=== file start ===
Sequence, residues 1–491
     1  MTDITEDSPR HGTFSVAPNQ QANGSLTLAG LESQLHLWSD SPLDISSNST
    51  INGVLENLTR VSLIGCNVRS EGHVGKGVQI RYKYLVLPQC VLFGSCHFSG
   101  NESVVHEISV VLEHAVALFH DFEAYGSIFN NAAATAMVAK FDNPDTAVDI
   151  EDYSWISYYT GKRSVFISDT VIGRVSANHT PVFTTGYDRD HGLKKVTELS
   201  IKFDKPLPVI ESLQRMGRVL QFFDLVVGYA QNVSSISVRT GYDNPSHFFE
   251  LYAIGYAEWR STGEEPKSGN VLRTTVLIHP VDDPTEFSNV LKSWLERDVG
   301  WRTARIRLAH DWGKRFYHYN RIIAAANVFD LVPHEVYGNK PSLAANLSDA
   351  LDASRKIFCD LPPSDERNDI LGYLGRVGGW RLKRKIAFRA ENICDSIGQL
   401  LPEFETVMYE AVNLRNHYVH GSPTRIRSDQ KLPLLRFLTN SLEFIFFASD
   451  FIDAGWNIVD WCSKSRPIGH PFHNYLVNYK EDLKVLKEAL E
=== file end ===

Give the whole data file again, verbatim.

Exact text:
Sequence, residues 1–491
     1  MTDITEDSPR HGTFSVAPNQ QANGSLTLAG LESQLHLWSD SPLDISSNST
    51  INGVLENLTR VSLIGCNVRS EGHVGKGVQI RYKYLVLPQC VLFGSCHFSG
   101  NESVVHEISV VLEHAVALFH DFEAYGSIFN NAAATAMVAK FDNPDTAVDI
   151  EDYSWISYYT GKRSVFISDT VIGRVSANHT PVFTTGYDRD HGLKKVTELS
   201  IKFDKPLPVI ESLQRMGRVL QFFDLVVGYA QNVSSISVRT GYDNPSHFFE
   251  LYAIGYAEWR STGEEPKSGN VLRTTVLIHP VDDPTEFSNV LKSWLERDVG
   301  WRTARIRLAH DWGKRFYHYN RIIAAANVFD LVPHEVYGNK PSLAANLSDA
   351  LDASRKIFCD LPPSDERNDI LGYLGRVGGW RLKRKIAFRA ENICDSIGQL
   401  LPEFETVMYE AVNLRNHYVH GSPTRIRSDQ KLPLLRFLTN SLEFIFFASD
   451  FIDAGWNIVD WCSKSRPIGH PFHNYLVNYK EDLKVLKEAL E